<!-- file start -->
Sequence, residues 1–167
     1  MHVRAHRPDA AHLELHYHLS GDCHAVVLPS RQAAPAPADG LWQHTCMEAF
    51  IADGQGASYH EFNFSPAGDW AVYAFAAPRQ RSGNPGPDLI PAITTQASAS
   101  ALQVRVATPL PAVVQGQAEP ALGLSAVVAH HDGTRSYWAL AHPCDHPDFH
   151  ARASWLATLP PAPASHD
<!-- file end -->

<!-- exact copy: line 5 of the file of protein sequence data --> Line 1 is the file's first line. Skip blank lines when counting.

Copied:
   151  ARASWLATLP PAPASHD